Review of The Black Hussar at Wallack's NYTimes 5 May 1885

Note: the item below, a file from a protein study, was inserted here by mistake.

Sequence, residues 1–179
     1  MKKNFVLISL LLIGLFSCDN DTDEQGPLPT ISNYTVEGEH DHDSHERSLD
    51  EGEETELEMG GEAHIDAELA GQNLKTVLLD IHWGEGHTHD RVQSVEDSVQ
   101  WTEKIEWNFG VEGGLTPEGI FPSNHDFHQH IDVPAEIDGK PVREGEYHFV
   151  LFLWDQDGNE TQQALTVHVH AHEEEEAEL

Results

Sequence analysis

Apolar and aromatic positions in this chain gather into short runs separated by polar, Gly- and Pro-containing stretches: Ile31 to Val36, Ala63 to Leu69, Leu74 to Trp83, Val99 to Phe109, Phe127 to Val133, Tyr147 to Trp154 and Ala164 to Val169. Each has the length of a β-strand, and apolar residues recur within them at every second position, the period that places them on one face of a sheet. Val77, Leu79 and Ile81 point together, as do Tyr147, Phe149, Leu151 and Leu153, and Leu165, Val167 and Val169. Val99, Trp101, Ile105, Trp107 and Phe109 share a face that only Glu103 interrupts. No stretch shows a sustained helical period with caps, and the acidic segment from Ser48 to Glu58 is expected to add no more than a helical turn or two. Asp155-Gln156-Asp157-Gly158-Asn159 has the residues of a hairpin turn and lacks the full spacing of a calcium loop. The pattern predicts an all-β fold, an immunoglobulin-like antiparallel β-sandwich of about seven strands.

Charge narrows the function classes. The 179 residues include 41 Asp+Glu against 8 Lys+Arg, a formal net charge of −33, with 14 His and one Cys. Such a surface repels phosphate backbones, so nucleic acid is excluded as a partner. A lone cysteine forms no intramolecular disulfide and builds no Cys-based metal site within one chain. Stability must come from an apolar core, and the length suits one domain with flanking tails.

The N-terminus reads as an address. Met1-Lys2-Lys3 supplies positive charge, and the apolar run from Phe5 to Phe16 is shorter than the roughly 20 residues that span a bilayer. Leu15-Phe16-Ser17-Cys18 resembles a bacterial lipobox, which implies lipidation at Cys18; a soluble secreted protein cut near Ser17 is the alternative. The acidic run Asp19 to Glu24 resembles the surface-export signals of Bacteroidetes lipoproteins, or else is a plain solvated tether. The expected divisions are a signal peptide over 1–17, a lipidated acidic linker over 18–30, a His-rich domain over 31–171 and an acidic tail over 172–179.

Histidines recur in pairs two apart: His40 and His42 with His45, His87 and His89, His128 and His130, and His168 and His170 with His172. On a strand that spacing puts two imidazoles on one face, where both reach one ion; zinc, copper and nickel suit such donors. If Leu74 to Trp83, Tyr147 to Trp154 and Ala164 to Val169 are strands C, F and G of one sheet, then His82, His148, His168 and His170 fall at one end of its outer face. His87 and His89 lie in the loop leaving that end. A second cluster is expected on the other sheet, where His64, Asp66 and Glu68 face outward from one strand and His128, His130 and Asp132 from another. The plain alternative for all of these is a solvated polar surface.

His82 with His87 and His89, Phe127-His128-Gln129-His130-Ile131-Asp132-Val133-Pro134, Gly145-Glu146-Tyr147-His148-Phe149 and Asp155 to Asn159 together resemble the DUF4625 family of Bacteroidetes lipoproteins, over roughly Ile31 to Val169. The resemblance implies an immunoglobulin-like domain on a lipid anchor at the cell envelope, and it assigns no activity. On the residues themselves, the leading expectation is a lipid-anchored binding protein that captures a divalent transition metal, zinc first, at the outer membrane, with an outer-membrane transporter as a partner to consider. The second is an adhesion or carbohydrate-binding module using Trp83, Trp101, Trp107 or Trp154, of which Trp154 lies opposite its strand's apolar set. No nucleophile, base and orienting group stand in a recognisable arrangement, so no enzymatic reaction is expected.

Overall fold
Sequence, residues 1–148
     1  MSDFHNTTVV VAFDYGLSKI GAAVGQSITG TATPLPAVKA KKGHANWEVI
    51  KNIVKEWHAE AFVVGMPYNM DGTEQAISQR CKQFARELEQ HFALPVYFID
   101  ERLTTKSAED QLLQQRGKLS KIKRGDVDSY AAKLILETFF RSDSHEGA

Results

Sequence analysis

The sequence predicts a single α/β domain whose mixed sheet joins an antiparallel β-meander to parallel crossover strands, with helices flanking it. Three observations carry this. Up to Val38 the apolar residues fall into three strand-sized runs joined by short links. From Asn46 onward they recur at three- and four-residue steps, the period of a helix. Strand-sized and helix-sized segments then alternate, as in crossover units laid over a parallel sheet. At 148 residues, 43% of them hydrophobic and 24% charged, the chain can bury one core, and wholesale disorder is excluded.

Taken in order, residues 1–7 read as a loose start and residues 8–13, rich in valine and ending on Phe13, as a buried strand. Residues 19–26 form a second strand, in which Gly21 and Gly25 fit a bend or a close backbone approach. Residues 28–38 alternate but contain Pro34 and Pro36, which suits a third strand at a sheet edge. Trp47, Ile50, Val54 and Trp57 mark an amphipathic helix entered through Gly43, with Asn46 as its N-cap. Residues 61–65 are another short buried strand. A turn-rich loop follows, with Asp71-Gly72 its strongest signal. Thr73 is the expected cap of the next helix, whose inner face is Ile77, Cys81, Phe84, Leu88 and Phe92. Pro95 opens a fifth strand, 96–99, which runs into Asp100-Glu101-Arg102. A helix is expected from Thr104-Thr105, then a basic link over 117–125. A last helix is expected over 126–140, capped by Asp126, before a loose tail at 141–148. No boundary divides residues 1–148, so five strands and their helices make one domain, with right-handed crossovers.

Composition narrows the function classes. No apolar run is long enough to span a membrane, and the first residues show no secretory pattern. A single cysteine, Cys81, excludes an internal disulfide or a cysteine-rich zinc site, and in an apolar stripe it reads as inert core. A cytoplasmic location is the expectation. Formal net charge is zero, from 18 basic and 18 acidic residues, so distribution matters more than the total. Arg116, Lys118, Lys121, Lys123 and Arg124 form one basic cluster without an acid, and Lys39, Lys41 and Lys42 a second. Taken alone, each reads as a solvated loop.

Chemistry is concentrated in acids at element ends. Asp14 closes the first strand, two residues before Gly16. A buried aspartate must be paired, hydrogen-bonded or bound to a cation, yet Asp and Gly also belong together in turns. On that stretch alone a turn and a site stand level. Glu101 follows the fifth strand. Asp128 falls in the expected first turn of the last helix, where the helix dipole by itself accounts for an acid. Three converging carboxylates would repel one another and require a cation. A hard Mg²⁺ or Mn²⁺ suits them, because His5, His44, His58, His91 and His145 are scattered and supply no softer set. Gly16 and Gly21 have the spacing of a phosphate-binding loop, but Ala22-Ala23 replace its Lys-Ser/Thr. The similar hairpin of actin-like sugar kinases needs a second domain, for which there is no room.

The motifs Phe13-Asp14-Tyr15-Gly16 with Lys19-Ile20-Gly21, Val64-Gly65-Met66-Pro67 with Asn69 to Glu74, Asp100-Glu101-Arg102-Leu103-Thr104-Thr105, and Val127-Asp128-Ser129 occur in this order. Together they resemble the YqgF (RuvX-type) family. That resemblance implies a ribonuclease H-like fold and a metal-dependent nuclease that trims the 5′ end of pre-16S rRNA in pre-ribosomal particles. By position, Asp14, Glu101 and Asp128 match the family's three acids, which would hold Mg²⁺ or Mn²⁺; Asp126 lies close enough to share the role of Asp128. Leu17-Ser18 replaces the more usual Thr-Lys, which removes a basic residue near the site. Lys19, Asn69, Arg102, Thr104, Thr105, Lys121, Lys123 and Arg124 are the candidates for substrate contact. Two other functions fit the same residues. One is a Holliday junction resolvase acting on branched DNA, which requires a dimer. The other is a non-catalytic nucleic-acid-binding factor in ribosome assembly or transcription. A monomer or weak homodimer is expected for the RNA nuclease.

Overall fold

WALLACE'S THEATRE. The season of operetta at Wallack's Theatre was auspiciously entered vpoa last evening-, waen an Enriiab version of aful3ckers FeMprediffor" was produoed under the title of "The Black Hussar.' Dvr Feldpredloer,' In Its ortirl nal a-atfe. bad Ita flnt rrpreeeatatioa at tho Tbsila Theatre Friday of last week, and, was referred to at some length. In this place oa - Saturday. Millfcker's muslo rains by repetition. It oauaut be aaid that the score of Der Feldpred!a-er Includes any numbers of uncommon boauty or originality the composer's measures, in fact. when at all striking, are reminiscent of much that be baa done and that others bare done before, and his reatlveness never roes further than the shaping of a strongly rhythmical maren or a swaying-dance tune but Ita every m ensure is the work of a master of the lighter forms of Instrumentation and of a writer that, even when he has little that Is new or brilliant to Impart, Is able to clothe bis soft nothings la such attire as will attract and bold the attention of an audience la any part of the world. When it us notea mat toe music ox -ine nuct Hussar" was cleverly suns at Wallack'a Theatre, last eight, it will be understood, bearing- in mind that the operetta waa auoceaa-f ul at the Thalia, that It wrought a favorable impression at the up-town bouse. Its story as rehearsed In English la considerably leas Inter-eating and Its scenes much less amusing. Although the acting In ''The Black Huaoar"is not overburdened with the more or less irrelevant " business" which is grafted nightly upon taoft translated operettas at the pleasure of the performers, it would be flattery to say mat the English players handle their respective roles as felicitously as tbelr German associates. The comedy in " Der Feidpredlger" is gotten out of the elaboration of the characters rather than out of the situations and text, and no small share of the spectators' amusement la de rived from the spirit and from the seeming unconsciousness of the unreali ty of the events with which the foreia-n artists go through tbelr tasks. English and American actors and actresses, as a class, have little fitness for this sort of thing: tber can give effect to a oroll incident and emphasis to a uiina-proTosiug line, out very lew can combine caricature and naturalness and elicit merriment by building up personages and endowing tbem with color and vitality by purely artistio methods. Yesterday's representation waa extremely good In the aenae in which most representations of the same order exact 11 xe cora mendatlon. The comedians com pel led the auditors to laugh, the ladles made themselves as comely as possible, and, as recorded, the singing was ejf-ellent. But it cannot be con ceded that the spectator left the theatre with a thorough appreciation of the possibilities of Miiiociter's operetta. That Us Engliah version will have a liberal measure of Buccees may, however, be prophesied with safety. The comicalities of Messrs. Lie Wolf Hooper and Durby Bell bear slander kinshin to the characters these persons assume, but the players keep the audience In a cheerful frame of mind, and no more can be asked. Both gentlemen sing well, and Mr. Hopper, although his humor Is not exactly spontaneous or communicative, occasionally supplies evidence of thought and or a desire to elaborate bis portrayals. Mr. Bell pleases by familiar processes, which every one cannot ap precis. tn. In "The Black Hussar." as in most of the worn he has figured in. his principal points are made by rounding off a sentence in the language of everyday life by a more or less slangy expression, and then assuming a melancholy facial expression and squinting toward the gallery. It is proper to add that the Hilarity consequent upon this proceeding offers the performer every encouragement not to essav experiments in- any other direction, and that Mr. Hell was much applauded on the oc casion under notice. Mr. Mark Smith. who personated the black hussar, was also promptly taken Into the audience's favor, thouvh wholly on account of hla sinaina-. The female roles were divided between Misses Post and Jensen and Mme. Cottrellr. The first-named artUts. instead of following the example of their German associates and painting their faeea so as to simulate age. found it more convenient to wear wire masks with intent to conceal their charms from the invadinr soldiery. The effect of their first scene was spoiled by this innovation, bat their performances during the remainder of the operetta were quite satisfactory. Altbougb the part of Barbara haa been - somewhat "written up" It is .barely worthy of Mme. Cottrelly'a .experience and exuberance. We need but add that the chorales were given with precision anda full volume of tone,and that the orchestra wa efficiently managed by Signor de Novel is. The dreasea and scenery in The Black Hussar" are fresh, a-lit- tering, and appropriate. The representation progressed from first to last with unbroken smoothness. Mr. Roeenfeld's libretto 1b commendable as to his verses; what he is pleased to call the comedy of his version was not apparent to the listener last evening. Arter the first act all the artists were summoned before toe curtain.